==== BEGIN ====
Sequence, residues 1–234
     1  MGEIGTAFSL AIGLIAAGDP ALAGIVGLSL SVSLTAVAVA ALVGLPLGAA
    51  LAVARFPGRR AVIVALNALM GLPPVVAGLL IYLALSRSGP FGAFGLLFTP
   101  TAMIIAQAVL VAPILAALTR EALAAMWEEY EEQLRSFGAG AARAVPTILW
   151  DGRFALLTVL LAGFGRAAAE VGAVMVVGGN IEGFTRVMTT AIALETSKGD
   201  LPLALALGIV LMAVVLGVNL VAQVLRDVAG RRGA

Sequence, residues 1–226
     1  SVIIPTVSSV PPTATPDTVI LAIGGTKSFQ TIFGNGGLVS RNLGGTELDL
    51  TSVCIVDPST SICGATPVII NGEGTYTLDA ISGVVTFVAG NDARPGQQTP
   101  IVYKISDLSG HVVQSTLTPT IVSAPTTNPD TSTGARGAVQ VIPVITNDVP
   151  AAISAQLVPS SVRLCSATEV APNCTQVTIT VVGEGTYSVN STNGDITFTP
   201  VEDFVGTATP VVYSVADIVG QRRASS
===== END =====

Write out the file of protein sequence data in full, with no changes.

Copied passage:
Sequence, residues 1–234
     1  MGEIGTAFSL AIGLIAAGDP ALAGIVGLSL SVSLTAVAVA ALVGLPLGAA
    51  LAVARFPGRR AVIVALNALM GLPPVVAGLL IYLALSRSGP FGAFGLLFTP
   101  TAMIIAQAVL VAPILAALTR EALAAMWEEY EEQLRSFGAG AARAVPTILW
   151  DGRFALLTVL LAGFGRAAAE VGAVMVVGGN IEGFTRVMTT AIALETSKGD
   201  LPLALALGIV LMAVVLGVNL VAQVLRDVAG RRGA

Sequence, residues 1–226
     1  SVIIPTVSSV PPTATPDTVI LAIGGTKSFQ TIFGNGGLVS RNLGGTELDL
    51  TSVCIVDPST SICGATPVII NGEGTYTLDA ISGVVTFVAG NDARPGQQTP
   101  IVYKISDLSG HVVQSTLTPT IVSAPTTNPD TSTGARGAVQ VIPVITNDVP
   151  AAISAQLVPS SVRLCSATEV APNCTQVTIT VVGEGTYSVN STNGDITFTP
   201  VEDFVGTATP VVYSVADIVG QRRASS